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Integrate EnvKey with any language, either in development or on a server, by making your configuration available through the shell as environment variables.


envkey-source compiles into a simple static binary with no dependencies, which makes installation a simple matter of fetching the right binary for your platform and putting it in your PATH. An script is available to simplify this, as well as a homebrew tap.

Install via bash:

curl -s | bash

Note: the script writes, then deletes a couple temporary files to the current directory during installation, so make sure you have write permissions for whatever directory you run this command in. In locked down environments, you may want to run it in $HOME to be safe.

Install manually:

Find the release for your platform and architecture, and stick the appropriate binary somewhere in your PATH (or wherever you like really).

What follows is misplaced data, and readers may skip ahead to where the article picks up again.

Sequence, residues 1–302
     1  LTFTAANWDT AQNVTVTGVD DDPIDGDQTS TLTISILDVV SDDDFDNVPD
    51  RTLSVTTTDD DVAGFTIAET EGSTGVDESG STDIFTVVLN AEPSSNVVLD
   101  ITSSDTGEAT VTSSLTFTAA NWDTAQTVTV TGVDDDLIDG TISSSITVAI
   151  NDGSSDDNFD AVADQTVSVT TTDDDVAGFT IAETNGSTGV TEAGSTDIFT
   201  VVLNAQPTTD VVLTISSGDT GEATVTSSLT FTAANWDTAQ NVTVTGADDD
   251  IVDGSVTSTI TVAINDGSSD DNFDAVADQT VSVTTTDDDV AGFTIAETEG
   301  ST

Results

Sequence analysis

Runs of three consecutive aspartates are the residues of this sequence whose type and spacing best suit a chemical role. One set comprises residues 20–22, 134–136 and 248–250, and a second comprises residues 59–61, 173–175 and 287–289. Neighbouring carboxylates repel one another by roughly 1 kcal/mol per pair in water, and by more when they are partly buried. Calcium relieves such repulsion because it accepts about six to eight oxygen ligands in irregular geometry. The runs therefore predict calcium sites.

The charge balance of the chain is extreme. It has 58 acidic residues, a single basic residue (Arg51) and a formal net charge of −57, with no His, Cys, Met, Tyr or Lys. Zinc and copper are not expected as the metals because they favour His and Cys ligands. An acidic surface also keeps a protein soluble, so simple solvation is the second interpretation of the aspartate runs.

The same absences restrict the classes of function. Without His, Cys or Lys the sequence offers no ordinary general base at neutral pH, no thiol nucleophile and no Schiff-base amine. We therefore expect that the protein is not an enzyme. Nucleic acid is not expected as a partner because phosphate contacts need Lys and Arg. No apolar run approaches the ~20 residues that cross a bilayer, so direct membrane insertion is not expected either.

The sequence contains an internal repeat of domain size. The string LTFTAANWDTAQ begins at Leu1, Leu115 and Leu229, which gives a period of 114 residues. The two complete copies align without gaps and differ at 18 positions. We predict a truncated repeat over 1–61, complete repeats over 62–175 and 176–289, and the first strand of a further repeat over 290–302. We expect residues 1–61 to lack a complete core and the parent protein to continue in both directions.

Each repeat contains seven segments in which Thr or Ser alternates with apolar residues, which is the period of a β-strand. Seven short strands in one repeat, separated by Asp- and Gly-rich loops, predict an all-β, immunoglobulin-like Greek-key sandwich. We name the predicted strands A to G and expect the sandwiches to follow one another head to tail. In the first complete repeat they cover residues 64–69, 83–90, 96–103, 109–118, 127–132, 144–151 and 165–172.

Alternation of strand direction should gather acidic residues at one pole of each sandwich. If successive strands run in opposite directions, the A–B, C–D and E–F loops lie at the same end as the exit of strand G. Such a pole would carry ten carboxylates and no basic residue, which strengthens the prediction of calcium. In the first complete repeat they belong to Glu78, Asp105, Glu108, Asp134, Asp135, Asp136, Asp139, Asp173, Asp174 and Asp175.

First, generate an ENVKEY in the EnvKey App.

Then with a .env file in the current directory that includes ENVKEY=... (in development) / an ENVKEY environment variable set (on a server):

eval $(envkey-source)

Now you can access your app's environment variables in this shell, or in any process (in any language) launched from this shell.

You can also pass an ENVKEY directly. This isn't recommended for a real workflow, but can be useful for trying things out.

eval $(envkey-source ENVKEY)

Multi-Line Values